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Experiences Shared


All names and identifying details have been changed.

Participants have given us permission to share their experiences.

Leonie was sexually abused by a family member.

Some time later, a sports coach at a centre for the deaf also sexually abused her.  

Leonie is deaf. She was in her early teens when her brother, who was four years older, sexually abused her. He would touch her and make her perform oral sex. This happened when her parents were out at work. 

She has had flashbacks from when she was younger and thinks he may have sexually abused her before, but she is not certain. 

Leonie remembers feeling really uncomfortable but powerless and unable to stop him. Her brother would threaten her not to tell their parents. She says she didn’t have ‘a great relationship’ with her mother, and wasn’t sure her mother would believe her.

At the same time, she worried that if her mother reported it to the police, it would have a bad effect on the family.

When Leonie was in her mid teens, she got involved in an online relationship with a man. Her mum caught her on a video chat with him, but Leonie isn’t sure if she took any action as she wasn’t speaking to her mum at the time.

When Leonie was around 14 years old, she joined a sports club. She says the coach, who was in his mid 20s, was ‘very flirty’ with her. They exchanged phone numbers and started sending each other photos of their body parts. 

Leonie says she wasn’t a confident teenager and found it hard to say no. After an evening event, the coach gave Leonie and some of her friends a lift home, and she says he was ‘very touchy’ towards her in a way that made her feel very uncomfortable.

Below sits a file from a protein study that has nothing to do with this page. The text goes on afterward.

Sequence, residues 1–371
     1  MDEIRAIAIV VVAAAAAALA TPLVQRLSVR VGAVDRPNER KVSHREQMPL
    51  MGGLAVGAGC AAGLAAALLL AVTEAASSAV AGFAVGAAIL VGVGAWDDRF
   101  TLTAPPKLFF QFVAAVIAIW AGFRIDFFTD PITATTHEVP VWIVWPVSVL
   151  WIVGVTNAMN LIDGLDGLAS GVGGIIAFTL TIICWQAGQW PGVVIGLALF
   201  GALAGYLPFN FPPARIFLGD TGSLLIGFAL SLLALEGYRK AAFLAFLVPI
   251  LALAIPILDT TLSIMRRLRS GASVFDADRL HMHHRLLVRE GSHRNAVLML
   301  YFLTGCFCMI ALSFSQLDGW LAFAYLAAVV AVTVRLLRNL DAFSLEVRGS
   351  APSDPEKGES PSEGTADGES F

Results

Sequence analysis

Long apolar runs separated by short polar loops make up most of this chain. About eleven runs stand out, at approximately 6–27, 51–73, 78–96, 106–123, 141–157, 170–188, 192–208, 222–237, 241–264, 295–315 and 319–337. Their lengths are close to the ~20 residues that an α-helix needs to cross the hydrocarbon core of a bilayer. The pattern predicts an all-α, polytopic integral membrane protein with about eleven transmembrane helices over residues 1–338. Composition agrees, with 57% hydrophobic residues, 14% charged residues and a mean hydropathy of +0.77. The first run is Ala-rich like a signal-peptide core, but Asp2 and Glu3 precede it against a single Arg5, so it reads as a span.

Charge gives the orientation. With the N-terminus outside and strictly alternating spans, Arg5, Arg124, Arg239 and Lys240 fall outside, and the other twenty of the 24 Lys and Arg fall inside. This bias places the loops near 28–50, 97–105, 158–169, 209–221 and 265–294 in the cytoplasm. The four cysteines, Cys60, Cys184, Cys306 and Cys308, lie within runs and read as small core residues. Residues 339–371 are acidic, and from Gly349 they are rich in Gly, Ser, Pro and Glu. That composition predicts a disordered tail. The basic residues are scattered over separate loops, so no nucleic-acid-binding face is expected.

The experiences Leonie had have left her feeling very angry and it really knocked her confidence. She was shy and did not want to tell people about what had happened to her for fear of them not believing in her. 

Around this time, a close relative died, and in her grief she began to self-harm. She realised she wanted to talk to someone and opened up to a couple of friends. More recently she told her mum about the abuse. Their relationship is now much better and her mum said she felt terrible for not protecting Leonie.

Leonie believes it is essential for children to be educated about sexual abuse and to have someone to talk to they can trust, who can guide them about how to handle difficult situations. 

She adds that deaf victims and survivors need to have a counsellor who is deaf or can sign fluently and understands about deaf culture, language and traits.

Leonie has had counselling which she says has helped enormously. She did well and was happy at school and has a good job. She is happily married to a supportive man who she says ‘listens to me and doesn’t judge me’.

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